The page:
“The filing in November created a ‘blip’ in that progress, but we are already very nearly back to that level now and for 2018 we will implement further improvements that will generate an additional 2 to 3 percent improvement. Additionally, our order to delivery timeframe has improved by 10 percent and 99.5 percent of our orders are leaving our warehouses same day.
‘we haven’t lost any customers’
Cagle says he sees nothing on the horizon that suggests the five DC network will change. He describes their locations as providing as near to optimum domestic U.S. logistics as is possible according to all the “center of gravity” studies they’ve seen, with the head office DC at Fort Worth, Texas, and others at Bolingbrooke, Illinois (near Chicago), Olyphant, eastern Pennsylvania, Jacksonville, Florida, and Visalia in central California.
As to the inventory in DCs, “we are managing better and smarter through “better forecasting and Purchase Order management.
“We will spend more time and attention to detail on our vendor relationships and vendor performance management. Historically we have not done as good a job on that as we should and could be doing. We started in 2017 by giving a selected group of our vendors a better forecast of demand. We now plan to roll that out to as many of our vendors as possible through 2018. The beneficial impact of that may not be evident until into 2019, but it certainly will have a positive impact.”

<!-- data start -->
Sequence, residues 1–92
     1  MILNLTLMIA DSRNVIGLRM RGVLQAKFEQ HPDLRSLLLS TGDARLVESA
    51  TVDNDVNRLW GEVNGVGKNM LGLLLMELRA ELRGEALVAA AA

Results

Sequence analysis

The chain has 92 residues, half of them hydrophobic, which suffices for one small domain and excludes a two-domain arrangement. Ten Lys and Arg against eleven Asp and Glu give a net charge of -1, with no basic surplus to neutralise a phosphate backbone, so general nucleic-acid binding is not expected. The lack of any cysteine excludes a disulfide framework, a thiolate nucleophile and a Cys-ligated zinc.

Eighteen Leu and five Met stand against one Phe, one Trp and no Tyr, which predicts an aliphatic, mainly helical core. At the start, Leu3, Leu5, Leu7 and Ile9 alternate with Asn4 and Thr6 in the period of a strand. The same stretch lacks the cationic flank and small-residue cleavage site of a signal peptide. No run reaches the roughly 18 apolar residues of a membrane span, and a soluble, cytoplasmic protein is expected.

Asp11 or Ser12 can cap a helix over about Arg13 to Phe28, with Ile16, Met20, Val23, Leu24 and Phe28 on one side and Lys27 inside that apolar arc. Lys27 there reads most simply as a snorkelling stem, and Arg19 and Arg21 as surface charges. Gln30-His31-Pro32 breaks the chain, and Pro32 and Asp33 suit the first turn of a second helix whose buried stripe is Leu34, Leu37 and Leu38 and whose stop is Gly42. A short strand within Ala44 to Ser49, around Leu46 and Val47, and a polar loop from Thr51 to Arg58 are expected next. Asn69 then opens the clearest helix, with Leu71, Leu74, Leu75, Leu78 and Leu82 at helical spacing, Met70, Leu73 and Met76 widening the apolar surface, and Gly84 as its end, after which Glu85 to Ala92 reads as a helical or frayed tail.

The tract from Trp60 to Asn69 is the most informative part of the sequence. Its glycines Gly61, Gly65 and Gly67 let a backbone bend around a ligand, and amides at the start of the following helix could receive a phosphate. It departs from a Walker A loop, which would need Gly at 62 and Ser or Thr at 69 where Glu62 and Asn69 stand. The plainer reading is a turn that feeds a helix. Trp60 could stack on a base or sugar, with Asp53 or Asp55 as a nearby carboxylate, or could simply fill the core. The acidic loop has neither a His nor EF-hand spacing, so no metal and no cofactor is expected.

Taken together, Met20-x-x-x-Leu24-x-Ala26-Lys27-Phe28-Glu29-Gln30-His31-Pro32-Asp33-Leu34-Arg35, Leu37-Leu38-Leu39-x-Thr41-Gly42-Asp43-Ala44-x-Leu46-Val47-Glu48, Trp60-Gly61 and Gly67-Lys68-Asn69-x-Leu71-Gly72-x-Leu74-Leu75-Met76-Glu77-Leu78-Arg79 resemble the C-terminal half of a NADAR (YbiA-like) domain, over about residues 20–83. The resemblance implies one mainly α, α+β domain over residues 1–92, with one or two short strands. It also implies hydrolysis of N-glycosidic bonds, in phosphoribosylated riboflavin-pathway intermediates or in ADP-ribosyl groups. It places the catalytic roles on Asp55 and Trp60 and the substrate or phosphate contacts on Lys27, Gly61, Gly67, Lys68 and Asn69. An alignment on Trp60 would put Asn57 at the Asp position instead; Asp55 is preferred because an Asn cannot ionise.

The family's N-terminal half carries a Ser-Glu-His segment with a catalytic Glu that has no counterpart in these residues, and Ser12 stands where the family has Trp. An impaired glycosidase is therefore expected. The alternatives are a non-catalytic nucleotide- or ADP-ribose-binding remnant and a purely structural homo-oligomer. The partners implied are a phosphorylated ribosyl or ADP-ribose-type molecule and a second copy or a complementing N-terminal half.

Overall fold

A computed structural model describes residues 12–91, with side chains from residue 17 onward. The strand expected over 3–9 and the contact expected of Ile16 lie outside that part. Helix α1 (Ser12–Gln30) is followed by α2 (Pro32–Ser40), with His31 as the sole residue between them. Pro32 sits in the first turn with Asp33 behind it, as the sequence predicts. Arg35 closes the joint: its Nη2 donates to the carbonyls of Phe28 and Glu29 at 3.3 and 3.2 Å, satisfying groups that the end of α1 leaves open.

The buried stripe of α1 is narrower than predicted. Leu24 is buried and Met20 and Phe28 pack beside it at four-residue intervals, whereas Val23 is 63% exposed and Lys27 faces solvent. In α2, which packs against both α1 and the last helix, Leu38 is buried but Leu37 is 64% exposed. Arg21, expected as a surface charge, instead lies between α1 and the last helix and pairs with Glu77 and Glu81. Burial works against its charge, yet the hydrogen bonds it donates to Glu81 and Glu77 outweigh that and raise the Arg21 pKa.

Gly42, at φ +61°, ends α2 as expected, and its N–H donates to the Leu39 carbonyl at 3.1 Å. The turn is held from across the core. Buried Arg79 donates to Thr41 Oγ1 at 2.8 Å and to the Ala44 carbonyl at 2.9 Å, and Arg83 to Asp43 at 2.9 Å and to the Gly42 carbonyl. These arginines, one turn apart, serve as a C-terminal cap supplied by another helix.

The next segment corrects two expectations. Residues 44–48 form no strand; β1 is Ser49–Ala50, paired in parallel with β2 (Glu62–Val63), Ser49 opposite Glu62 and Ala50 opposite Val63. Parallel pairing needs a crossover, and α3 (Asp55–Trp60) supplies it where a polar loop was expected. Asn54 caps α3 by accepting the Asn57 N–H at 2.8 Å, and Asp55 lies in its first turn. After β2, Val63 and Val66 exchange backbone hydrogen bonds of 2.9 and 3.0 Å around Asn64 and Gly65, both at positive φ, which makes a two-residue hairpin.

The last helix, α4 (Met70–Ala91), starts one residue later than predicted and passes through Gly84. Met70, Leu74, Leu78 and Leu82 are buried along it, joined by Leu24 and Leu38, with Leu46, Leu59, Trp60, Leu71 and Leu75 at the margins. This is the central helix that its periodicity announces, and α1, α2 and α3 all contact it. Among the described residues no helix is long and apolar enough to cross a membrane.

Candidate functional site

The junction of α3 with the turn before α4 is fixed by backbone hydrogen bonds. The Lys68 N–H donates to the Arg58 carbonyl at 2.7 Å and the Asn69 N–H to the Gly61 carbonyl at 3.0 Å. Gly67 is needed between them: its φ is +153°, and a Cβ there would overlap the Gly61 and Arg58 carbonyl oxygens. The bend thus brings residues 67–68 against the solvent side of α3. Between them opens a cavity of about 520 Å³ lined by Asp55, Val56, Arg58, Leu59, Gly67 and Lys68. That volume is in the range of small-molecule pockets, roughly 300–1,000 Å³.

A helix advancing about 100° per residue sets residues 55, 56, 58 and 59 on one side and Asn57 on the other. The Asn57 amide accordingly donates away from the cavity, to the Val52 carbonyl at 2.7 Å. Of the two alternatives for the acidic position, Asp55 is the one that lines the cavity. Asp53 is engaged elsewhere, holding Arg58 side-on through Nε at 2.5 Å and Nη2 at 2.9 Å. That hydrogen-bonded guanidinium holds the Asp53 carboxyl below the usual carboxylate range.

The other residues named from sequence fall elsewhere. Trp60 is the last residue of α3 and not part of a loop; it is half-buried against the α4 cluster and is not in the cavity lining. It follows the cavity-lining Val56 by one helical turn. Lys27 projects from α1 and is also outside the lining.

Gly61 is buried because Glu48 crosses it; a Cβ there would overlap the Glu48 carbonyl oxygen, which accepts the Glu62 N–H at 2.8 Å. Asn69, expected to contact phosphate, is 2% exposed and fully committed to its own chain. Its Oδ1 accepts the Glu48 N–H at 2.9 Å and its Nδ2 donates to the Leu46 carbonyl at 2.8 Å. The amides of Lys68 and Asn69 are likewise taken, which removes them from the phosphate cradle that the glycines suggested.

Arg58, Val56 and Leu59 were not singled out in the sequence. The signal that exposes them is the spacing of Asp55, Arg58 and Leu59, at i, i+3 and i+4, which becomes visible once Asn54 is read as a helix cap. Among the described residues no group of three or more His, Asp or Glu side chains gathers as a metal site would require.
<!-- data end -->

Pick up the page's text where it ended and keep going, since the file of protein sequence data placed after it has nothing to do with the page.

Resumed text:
Kenan Ikels went on to explain the changes that have taken place in their sales organization. Previously either inside or outside sales would “own” an account, and if it was dealt with by inside sales, then that dealer would rarely be visited by an outside sales representative. Conversely, the outside sales force was restricted in terms of the back-up, support and resources they were able to call up on to better serve their customer.”
Ikels said that: “We tried a new Team Sales model last year, with 10 selected markets, and learned from that, finding out what worked and what was needed. We have been able to refine the concept, so we have been able to implement it nationally.
“Now, the outside sales representative is the primary but not sole dealer-facing resource our customers have to support their business with us.
‘ever improving service’